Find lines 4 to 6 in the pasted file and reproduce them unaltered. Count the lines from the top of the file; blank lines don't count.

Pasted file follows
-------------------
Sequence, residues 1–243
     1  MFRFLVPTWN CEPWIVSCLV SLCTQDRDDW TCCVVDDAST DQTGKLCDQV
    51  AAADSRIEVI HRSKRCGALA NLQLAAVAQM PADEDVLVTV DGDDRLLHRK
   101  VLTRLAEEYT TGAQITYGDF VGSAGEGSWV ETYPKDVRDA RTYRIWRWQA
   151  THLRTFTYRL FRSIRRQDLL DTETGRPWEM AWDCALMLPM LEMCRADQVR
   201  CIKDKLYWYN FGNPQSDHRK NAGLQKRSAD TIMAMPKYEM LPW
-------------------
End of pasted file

   101  VLTRLAEEYT TGAQITYGDF VGSAGEGSWV ETYPKDVRDA RTYRIWRWQA
   151  THLRTFTYRL FRSIRRQDLL DTETGRPWEM AWDCALMLPM LEMCRADQVR
   201  CIKDKLYWYN FGNPQSDHRK NAGLQKRSAD TIMAMPKYEM LPW